1- neither can make choice of either's MOIETY.] "Moiety," here, as elsewhere, is not used by Shakespeare in its strict sense of half, but as a share. See Vol. iv. p. 283. The folio reads kingdom for “kingdoms,” and qualities for “equalities.” Kingdoms," in the plural, of course, refers to the separate dominions given by Lear to the Dukes of Albany and Cornwall. Steevens justifies "equalities" by a quotation, but none seems required.
Kent. I cannot wish the fault undone, the issue of it being so proper.
Glo. But I have a son, sir, by order of law, some year elder than this, who yet is no dearer in my account though this knave came somewhat saucily into the world', before he was sent for, yet was his mother fair, there was good sport at his making, and the whoreson must be acknowledged.-Do you know this noble gentleman, Edmund ?
Edm. No, my lord.
Glo. My lord of Kent: remember him hereafter as my honourable friend.
Edm. My services to your lordship.
Kent. I must love you, and sue to know you better. Edm. Sir, I shall study deserving.
Glo. He hath been out nine years, and away he shall again. The king is coming.
Enter LEAR, CORNWALL, ALBANY, GONERIL, Regan, CORDELIA, and Attendants.
Lear. Attend the lords of France and Burgundy, Gloster.
Glo. I shall, my liege3.
[Exeunt GLOSTER and EDMUND. Lear. Mean-time we shall express our darker pur
Give me the map there.-Know, that we have divided,
2 — saucily INTO the world-] The folio," saucily to the world."
3 I shall, my LIEGE.] "Liege" in the quartos; lord in the folio. In the next line it seems right in reading "purpose," for purposes of the quartos. "Give me the map there.-Know that we have divided," is from the folio: the quartos read, "The map there: know we have divided."
4 — and 'tis our FAST intent] The quartos have "first intent ;" and in the next line," of our state," for "from our age."
5 CONFERRING them on younger STRENGTHS,] So the folio: the quartos,
Unburden'd crawl toward death.-Our son of Corn
And you, our no less loving son of Albany,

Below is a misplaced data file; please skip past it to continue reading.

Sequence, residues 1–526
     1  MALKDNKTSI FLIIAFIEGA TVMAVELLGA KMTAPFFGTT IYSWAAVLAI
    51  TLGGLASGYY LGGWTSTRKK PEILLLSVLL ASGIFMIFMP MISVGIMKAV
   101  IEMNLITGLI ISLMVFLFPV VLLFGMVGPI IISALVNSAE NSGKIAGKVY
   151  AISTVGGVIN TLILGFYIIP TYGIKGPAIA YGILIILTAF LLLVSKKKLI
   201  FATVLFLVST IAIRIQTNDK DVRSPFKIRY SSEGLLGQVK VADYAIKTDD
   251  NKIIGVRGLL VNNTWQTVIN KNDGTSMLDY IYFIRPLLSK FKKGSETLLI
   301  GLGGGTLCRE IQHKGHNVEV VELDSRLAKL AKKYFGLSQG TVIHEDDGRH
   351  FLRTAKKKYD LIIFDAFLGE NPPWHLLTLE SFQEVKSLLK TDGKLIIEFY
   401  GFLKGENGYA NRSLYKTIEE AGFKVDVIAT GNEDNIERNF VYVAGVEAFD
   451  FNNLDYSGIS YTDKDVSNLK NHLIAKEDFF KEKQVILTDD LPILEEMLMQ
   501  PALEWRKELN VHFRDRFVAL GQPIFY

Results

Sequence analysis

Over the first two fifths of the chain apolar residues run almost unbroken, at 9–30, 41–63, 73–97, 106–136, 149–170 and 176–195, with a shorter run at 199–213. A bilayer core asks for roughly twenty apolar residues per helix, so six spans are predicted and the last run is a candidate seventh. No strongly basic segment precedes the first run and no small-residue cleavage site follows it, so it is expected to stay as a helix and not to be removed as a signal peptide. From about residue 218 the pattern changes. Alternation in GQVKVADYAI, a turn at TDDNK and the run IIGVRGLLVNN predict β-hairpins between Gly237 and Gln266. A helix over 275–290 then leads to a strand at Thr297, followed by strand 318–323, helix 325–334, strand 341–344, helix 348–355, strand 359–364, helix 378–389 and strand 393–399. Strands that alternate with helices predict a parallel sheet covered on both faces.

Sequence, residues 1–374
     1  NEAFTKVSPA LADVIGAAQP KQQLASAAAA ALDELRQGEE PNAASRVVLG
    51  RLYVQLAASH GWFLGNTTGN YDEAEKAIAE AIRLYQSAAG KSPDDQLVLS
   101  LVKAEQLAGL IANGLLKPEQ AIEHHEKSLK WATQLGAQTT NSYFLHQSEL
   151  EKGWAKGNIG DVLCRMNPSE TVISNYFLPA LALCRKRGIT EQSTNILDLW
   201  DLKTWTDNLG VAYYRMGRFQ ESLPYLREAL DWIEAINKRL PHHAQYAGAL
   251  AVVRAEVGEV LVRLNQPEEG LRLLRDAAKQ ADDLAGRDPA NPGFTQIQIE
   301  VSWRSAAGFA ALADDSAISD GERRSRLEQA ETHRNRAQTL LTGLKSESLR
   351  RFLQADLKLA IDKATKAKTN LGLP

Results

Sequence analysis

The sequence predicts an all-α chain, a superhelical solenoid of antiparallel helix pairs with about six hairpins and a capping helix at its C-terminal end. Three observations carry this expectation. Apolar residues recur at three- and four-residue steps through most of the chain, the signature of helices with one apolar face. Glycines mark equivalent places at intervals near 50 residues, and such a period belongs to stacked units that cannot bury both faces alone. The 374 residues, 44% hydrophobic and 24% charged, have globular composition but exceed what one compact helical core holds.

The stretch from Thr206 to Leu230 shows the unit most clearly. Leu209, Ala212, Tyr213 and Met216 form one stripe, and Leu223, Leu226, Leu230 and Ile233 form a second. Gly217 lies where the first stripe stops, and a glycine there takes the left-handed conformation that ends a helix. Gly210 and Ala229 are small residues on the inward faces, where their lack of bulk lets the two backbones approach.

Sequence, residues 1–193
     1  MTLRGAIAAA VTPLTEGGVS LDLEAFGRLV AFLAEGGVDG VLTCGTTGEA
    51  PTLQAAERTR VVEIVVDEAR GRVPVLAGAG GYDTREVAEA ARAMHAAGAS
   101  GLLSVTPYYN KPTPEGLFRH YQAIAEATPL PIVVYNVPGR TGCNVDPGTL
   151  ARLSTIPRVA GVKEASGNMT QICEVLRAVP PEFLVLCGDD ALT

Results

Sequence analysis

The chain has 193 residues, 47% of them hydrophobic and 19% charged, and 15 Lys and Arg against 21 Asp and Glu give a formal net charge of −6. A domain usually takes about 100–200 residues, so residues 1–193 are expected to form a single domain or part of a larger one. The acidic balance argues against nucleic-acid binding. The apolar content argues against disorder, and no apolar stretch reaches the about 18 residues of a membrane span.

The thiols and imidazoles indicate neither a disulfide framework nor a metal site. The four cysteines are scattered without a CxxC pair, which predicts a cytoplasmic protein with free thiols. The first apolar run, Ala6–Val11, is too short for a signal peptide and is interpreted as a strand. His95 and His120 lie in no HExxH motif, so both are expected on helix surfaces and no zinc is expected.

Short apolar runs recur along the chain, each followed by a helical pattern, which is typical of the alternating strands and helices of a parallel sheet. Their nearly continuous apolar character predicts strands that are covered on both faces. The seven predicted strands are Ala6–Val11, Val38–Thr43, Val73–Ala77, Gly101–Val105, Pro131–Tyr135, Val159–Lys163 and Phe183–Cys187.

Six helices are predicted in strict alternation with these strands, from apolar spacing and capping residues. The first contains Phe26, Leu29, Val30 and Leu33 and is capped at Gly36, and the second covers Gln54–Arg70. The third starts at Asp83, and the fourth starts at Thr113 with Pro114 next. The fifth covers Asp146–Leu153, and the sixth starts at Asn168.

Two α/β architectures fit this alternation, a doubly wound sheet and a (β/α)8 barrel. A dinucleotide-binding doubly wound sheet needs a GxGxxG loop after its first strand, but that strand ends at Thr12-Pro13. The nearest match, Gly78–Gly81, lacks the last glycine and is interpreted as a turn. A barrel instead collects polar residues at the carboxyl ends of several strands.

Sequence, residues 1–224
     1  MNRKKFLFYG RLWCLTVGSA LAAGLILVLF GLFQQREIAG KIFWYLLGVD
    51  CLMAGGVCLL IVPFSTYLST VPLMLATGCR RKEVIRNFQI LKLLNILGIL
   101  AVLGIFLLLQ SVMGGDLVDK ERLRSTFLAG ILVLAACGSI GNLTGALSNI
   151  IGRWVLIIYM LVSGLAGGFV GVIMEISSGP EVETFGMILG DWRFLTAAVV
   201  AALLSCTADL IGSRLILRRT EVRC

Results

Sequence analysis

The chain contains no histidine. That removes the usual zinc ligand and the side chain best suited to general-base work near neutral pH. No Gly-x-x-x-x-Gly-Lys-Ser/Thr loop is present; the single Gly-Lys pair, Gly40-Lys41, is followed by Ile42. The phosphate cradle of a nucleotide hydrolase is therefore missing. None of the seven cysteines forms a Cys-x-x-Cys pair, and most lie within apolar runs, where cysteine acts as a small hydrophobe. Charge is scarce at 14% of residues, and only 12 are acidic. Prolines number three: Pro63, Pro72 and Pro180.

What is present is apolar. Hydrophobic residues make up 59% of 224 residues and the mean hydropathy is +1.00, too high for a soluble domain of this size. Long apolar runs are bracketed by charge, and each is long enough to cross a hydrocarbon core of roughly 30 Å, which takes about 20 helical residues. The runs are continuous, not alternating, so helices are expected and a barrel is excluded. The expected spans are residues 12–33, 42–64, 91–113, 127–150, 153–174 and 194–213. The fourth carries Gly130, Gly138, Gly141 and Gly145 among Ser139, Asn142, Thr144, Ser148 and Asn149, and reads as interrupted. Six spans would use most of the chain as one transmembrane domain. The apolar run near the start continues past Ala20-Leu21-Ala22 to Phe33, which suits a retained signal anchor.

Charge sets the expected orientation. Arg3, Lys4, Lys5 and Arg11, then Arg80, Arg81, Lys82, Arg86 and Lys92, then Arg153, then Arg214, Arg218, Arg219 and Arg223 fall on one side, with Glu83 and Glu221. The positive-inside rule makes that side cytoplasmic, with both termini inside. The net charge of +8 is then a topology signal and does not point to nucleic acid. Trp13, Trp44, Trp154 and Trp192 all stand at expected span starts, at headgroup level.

We have this hour a constant will to publish
Our daughters' several dowers, that future strife May be prevented now. The princes, France and Burgundy,
Great rivals in our youngest daughter's love,
Long in our court have made their amorous sojourn, And here are to be answer'd.-Tell me, my daughters, (Since now we will divest us, both of rule,
Interest of territory, cares of state')
Which of you, shall we say, doth love us most?
That we our largest bounty may extend
Where nature doth with merit challenge'.-Goneril,
Gon. Sir, I love you more than words can wield the matter;
Dearer than eye-sight, space, and liberty;
Beyond what can be valued, rich or rare;
No less than life, with grace, health, beauty, honour:
A love that makes breath poor, and speech unable;
Cor. What shall Cordelia speak'? Love, and be
Lear. Of all these bounds, even from this line to
With shadowy forests, and with champains rich'd,
"Confirming them on younger years." What follows these words, down to May be prevented now," is only in the folio.
The princes, France and Burgundy,] The quartos make a line of these words, by reading, " The two great princes, France and Burgundy."
7 - cares of state,] The two lines, forming this parenthesis, are wanting in the quartos.
8 Where nature doth with merit challenge.] So the folio: the quartos, "Where merit most doth challenge it." In the next line but one, our text is that of the folio, instead of " Sir, I do love," &c. of the quartos.
or father FOUND ;] The quartos misprint "found" friend.
1 What shall Cordelia SPEAK ?] Do, in the quartos.